So here I am at the end of Week One.
Theme: Boost Your Energy.
Before we go any further, I would just like to put it out there that this is probably the most unscientific experiment you will ever read about. Everything is either measured on a scale of 1-10 or in colorful sparkly star stickers.
I was really excited about reading the Happiness Project. The moment I purchased it from the bookstore, I opened it and walked down Bloor Street with my eyes glued to the page. Alas! The first chapter itself sounded like the biggest debbie downer. Rubin wisely chose to begin her project with boostin your energy. Normally for me, that would be achieved by going for massages, exercising and maybe eating a vegetable or two. Rubin had a different idea. Although she did include exercising, her other remedies were random very loathsome sounding things. But for the sake of the experiment, I decided to humor her and go with it.
Here’s a supposed energy booster I really wasn’t happy about. Rubin suggested spending the last 15-20 minutes before bedtime cleaning. This meant I couldn’t just throw my work clothes on the chair. I couldn’t go to bed without packing my lunch. And I certainly couldn’t go to bed without cleaning out the dirty dishes in the sink, a task that was usually left until I had to eat my dinner out of coffee mugs. I was exhausted at the end of the day. These were not things that I wanted to drag myself to do. But for the sake of the experiment and getting a sparkly golden star, I did it. I purposely kept the coveted golden star for the task I loathed the most.
Go to sleep earlier:
This was a no-brainer. To make things official I set my bedtime to 10:30pm. After years of going to bed at all hours of the night, I have come to learn that I function best when I have exactly 7 hours of sleep give or take half an hour. Anything more or less than that made me monster grumps. Going to bed at 10:30pm put me exactly at my usual 5:30am wake up time. With evening cleanup at 10:15pm, all lights were out by 10:30pm.
I instantly noticed how Rubin didn’t just say exercise. She said “Exercise Better”. As a kinesiologist, no one had to tell me twice about the benefits of exercise on happiness and moods. While any exrcise is good for you, to exercise better was to find the type of exercise that was most fun for you to do and to also remember that exercise wasn’t just confined to the gym.
Toss, Restore, Organize:
Another one of Rubin’s genius tasks I couldn’t have cared less about. Nonetheless, I spent a little time each day cleaning out my closet, tossing out clothes I didn’t need anymore into garbage bags and ridding my shelves and draws of unwanted bills, reciepts and paper. This wasn’t the happiest of times.
Tackle a Nagging Task:
Nagging tasks were a step up from the tasks of the evening clean ups. Nagging tasks were the tasks I kept putting off all the time. I made a list. While some were more nag-worthy than others (get your jeans zippers fixed vs. get your work published). I made up my mind to clear out my whole nag list by the end of The Happiness Experiment.
Of all the ridiculous things I did this week to be happier, this by far was the hardest and made the least sense. Studies apparently show that even though “we presume that we act because of the way we feel, in fact we often feel because of the way we act. Basically, if I’m going to be sitting at my desk on Facebook with a plate of food every evening, I was more likely to feel like not moving ever again. So I took a deep breath on Monday morning and went through with a “fake it till you feel it” stratergy.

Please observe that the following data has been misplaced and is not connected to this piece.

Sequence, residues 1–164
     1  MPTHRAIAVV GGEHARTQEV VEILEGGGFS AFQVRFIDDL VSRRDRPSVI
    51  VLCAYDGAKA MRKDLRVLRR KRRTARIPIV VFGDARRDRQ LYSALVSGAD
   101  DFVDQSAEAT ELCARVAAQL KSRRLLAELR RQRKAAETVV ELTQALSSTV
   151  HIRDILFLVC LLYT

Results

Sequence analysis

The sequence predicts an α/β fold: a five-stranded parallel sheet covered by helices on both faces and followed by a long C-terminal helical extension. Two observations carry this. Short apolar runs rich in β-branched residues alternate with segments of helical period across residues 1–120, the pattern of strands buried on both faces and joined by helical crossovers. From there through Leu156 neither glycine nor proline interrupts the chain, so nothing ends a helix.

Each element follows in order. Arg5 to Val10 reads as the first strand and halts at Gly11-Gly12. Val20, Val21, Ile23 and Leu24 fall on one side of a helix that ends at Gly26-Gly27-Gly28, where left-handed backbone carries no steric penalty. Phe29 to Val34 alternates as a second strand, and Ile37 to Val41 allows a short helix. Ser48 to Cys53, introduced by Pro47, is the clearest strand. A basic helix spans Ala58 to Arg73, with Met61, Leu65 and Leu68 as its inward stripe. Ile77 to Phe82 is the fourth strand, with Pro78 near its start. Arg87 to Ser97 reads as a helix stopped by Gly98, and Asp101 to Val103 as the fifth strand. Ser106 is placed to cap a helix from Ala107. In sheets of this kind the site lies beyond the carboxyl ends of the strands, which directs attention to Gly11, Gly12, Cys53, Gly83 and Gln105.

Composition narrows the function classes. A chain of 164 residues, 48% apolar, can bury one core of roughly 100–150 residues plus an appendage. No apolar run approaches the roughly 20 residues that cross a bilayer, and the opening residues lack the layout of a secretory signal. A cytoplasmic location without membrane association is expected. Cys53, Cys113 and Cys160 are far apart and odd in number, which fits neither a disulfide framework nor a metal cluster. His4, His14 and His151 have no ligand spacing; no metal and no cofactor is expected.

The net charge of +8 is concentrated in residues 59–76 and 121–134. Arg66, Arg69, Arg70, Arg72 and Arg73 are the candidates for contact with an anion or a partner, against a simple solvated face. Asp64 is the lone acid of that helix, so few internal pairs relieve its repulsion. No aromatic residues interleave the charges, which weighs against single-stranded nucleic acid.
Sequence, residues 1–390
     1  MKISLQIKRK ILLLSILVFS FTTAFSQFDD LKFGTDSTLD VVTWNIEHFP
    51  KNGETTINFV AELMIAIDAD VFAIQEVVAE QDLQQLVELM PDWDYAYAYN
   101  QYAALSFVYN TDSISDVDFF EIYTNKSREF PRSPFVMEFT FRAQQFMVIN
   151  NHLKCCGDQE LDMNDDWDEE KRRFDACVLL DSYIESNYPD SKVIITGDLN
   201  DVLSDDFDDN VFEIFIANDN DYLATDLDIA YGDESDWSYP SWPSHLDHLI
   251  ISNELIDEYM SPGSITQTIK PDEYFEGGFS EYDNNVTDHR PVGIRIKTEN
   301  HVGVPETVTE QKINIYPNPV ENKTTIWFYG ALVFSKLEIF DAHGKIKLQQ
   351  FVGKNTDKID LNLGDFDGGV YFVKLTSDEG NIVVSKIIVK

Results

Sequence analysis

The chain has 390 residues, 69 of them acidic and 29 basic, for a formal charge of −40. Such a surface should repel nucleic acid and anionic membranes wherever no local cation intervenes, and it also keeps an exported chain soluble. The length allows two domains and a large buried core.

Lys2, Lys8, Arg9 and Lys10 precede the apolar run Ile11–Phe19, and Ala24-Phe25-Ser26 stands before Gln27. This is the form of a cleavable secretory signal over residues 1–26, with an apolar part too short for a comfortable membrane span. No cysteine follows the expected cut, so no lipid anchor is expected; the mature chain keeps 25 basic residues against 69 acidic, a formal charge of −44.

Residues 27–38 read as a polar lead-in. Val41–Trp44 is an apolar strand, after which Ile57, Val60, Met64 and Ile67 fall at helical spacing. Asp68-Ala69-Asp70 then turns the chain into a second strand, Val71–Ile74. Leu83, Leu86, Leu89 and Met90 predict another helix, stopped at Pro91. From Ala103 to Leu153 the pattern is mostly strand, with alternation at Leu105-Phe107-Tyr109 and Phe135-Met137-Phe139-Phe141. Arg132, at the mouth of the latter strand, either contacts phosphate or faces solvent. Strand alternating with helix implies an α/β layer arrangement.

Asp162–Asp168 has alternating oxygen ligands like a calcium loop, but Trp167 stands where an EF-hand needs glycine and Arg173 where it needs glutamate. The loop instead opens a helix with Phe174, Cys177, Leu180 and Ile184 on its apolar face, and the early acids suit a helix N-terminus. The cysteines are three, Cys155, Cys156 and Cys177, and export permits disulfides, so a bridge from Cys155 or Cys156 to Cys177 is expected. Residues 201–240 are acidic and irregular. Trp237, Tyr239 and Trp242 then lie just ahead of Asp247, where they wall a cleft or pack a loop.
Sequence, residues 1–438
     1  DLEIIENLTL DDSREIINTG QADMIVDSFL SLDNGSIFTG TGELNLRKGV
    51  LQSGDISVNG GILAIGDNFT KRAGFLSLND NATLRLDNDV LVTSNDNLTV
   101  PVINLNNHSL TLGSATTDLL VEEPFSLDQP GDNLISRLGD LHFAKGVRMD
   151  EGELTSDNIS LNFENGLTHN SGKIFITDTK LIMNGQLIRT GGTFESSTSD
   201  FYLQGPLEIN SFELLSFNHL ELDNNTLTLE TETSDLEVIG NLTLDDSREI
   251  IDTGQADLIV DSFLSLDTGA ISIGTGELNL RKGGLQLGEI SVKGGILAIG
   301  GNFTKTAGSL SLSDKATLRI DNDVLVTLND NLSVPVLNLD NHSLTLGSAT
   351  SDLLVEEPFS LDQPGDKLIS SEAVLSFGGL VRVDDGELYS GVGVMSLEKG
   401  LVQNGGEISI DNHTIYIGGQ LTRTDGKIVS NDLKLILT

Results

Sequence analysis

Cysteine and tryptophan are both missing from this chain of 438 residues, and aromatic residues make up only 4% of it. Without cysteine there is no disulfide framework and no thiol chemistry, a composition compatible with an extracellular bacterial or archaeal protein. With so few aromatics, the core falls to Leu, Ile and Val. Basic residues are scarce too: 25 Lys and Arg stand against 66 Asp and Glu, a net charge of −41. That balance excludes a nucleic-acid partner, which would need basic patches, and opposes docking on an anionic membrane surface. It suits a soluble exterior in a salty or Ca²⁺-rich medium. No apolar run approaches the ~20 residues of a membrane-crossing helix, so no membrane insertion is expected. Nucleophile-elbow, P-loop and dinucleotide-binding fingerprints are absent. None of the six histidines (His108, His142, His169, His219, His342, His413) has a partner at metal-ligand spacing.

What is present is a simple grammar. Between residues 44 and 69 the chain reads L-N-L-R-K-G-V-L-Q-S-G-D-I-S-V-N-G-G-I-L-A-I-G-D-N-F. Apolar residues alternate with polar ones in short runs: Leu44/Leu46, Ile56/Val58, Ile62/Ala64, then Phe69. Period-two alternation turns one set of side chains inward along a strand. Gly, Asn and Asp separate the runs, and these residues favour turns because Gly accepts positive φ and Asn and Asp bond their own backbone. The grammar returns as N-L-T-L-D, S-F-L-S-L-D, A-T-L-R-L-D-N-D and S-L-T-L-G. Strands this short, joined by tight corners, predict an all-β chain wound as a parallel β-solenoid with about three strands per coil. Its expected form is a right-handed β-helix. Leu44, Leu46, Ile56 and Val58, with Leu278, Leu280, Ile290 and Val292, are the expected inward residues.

The results were suprising and yet not so suprising at the same time. The evening clean up was a pain in the ass but I felt so much more calmer in the mornings knowing my lunch was packed. I wasn’t running late to catch my bus and I wasn’t literally running out the door either. Happy might be too strong a word, but I was definately more relaxed. Coming home to a clean house and clean dishes in the evening wasn’t such a bad thing either.
The whole “act how I want to feel” was a challenge especially at work. But I made every effort to act extra energetic. I offered to help out even if it wasn’t required. I saw to it that I didn’t sit at my desk for more like 15 minutes straight, I laughed at every joke, made silly ones of my own and was animated and enthusiastic. And while it was draining, it was amazing to see how well my most of my patients and co-workers responded to good energy with some of their own. As much as I hated to admit, “fake it till you feel it” kind of worked. And I knew this was the best way to keep happiness intact at work. Was my boost in energy due to my attitude or was it the sunshine and warmer temperatures we’ve had all week? I don’t know. Maybe both. Maybe it really doesn’t matter.
As for tossing, organising and handling nagging tasks, I didn’t expect to have it all done in a week but while this work was tedious and boring, I did see the merit in cleaning out your closet. I now had more space to hang my clothes, cleared out some hangers and filled three garbage bags to give to goodwill.
What I learnt this week:
Act how you want to feel. It may be exhausting but its effective.
A clean house and an empty sink have more to do with your happiness than you think
Getting too much sleep is exhausting and ineffective
Making a Resolutions Chart and sticking sparkly stars for every task completed is a happiness booster in and of itself.
Oh yeh, I forgot to mention. I also made a Resolutions Chart. For every task completed I gave myself a brightly sparkly star.
Happiness-o-meter for Week One for perceived happiness: 7/10.
Not too shabby.
Until next week…stay happy!
Comments? Criticism? Complete indifference? Email me or comment on this page/Facebook. I’d love to hear your thoughts.
You can read more about the Happiness Project by Gretchen Rubin at http://www.happiness-project.com/